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Re: Semantics of HTTPS

From: Willy Tarreau <w@1wt.eu>
Date: Mon, 6 Aug 2012 23:14:46 +0200
To: Mark Nottingham <mnot@mnot.net>
Cc: "ietf-http-wg@w3.org Group" <ietf-http-wg@w3.org>
Message-ID: <20120806211446.GB7647@1wt.eu>
On Mon, Aug 06, 2012 at 04:06:10PM -0500, Mark Nottingham wrote:
> Right. That's a big change from the semantics of HTTPS today, though; right
> now, when I see that, I know that I have end-to-end TLS.

No, you *believe* you do, you really don't know. That's clearly the problem
with the way it works, man-in-the middle proxies are still able to intercept
it and to forge certs they sign with their own CA and you have no way to know
if your communications are snooped or not.

> If we change that,
> it's going to require a LOT of coordination with W3C, browsers, privacy
> people, etc. to make sure expectations are managed, communicated, etc.

That's for sure, but given that the promise offered by "https://" is not
granted nowadays, I think we don't need that many convincing efforts to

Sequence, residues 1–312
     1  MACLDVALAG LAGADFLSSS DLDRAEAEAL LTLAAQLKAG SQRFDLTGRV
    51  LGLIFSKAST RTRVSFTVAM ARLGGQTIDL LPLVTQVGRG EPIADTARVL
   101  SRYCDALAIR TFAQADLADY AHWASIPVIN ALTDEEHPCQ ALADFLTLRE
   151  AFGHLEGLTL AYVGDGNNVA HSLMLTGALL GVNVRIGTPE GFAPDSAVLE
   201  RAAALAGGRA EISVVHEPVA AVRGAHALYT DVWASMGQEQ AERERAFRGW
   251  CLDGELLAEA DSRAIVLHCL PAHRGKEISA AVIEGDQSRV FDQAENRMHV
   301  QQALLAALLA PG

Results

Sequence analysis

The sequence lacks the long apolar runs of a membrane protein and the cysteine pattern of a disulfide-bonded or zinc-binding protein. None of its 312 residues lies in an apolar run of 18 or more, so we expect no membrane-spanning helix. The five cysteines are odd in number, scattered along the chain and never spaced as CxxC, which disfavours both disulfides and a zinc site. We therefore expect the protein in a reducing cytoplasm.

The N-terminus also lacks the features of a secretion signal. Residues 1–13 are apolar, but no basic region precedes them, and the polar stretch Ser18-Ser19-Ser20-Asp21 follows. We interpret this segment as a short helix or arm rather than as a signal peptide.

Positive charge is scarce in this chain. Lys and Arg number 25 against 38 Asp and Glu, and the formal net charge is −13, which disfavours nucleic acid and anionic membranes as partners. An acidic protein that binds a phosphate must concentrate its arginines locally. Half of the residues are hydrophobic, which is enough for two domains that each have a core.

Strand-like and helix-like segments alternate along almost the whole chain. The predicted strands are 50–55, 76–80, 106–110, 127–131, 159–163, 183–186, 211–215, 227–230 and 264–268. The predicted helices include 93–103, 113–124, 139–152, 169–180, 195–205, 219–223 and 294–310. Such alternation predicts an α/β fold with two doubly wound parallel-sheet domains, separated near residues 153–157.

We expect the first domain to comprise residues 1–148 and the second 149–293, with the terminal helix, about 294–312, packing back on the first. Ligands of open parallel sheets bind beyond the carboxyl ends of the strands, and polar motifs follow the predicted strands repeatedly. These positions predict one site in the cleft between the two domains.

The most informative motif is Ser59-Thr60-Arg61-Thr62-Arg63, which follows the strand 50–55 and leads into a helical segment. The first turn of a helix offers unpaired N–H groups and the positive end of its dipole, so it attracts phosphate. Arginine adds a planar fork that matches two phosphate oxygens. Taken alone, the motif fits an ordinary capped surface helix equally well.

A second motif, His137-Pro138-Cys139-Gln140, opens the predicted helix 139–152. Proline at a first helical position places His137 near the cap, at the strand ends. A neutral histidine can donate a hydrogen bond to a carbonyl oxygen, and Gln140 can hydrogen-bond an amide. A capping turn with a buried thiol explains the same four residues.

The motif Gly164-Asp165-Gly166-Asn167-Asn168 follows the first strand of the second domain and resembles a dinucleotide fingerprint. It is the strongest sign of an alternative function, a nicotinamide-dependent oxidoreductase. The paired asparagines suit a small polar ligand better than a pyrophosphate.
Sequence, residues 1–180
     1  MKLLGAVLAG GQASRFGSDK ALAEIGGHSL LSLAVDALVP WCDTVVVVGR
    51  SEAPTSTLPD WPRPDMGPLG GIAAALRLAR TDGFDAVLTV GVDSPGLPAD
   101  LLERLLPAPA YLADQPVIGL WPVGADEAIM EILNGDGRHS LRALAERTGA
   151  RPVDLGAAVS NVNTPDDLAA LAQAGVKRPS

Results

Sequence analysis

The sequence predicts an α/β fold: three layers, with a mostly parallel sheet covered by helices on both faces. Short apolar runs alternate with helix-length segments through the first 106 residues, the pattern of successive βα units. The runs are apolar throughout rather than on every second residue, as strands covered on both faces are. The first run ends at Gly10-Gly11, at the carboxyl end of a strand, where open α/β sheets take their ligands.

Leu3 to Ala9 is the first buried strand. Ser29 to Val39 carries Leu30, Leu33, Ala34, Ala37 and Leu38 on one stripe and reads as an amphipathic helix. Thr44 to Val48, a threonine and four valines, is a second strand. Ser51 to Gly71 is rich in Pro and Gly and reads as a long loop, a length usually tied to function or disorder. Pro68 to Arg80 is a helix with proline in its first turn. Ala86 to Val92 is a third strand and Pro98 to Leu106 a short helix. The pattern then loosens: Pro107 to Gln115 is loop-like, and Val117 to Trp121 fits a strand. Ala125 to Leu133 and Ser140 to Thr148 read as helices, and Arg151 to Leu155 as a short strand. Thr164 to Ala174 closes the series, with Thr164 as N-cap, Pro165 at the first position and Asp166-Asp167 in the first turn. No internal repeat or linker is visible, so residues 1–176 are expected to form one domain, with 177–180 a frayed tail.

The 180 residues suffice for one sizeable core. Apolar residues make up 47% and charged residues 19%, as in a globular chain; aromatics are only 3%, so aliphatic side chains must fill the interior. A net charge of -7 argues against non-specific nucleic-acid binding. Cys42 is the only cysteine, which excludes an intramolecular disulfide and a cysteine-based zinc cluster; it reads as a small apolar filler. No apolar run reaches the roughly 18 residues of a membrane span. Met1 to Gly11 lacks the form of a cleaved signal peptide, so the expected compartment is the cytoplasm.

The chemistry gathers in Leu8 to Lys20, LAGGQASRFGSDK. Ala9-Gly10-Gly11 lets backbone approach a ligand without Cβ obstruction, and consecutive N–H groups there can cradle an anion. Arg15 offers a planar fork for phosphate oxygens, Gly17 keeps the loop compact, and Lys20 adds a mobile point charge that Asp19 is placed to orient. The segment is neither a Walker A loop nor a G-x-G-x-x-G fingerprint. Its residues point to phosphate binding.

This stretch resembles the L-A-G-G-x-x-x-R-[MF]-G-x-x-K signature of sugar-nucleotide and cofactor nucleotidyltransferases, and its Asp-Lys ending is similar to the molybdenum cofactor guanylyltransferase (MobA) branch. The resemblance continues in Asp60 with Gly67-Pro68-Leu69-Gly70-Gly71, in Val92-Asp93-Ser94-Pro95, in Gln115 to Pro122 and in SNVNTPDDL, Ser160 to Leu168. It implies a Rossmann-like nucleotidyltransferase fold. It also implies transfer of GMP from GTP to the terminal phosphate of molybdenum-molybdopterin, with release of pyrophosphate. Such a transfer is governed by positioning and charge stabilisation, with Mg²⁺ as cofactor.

have something which now really reflects what's done (ie https to the
proxy then https to the web site).

> I think the question is here is whether end-to-end security is a fundamental
> part of the semantics of HTTPS, or something that is just a de facto now, and
> open to being changed later. 

I think it's important but then we should more clearly have an explicit
"tunnel://" scheme.

> Personally, I think it is; while I can see the use cases you're taking about,
> having HTTPS URIs become inspectable by proxies is a surprising outcome from
> a user perspective. 

But they're already and people don't suspect they are until they notice some
random breakage they only observe at work.

> Perhaps we could say something like "HTTP implies end-to-end security, unless
> the user has explicitly opted out of it (i.e., in a configuration dialog).
> When TLS is providing end-to-end security, the CONNECT method is used with
> proxies."

I really think we need a third scheme if we want to be transparent to the
user. Otherwise we can have the browsers support the two modes for the https
scheme and first try the tunnel, then upon failure fall back to the GET https://
if the browser policy allows it.

> Just thinking out loud there...

Same here :-)

I believe Adrien de Croy has more experience in this area, would be nice to
have his opinion here.

Regards,
Willy
Received on Monday, 6 August 2012 21:15:09 GMT

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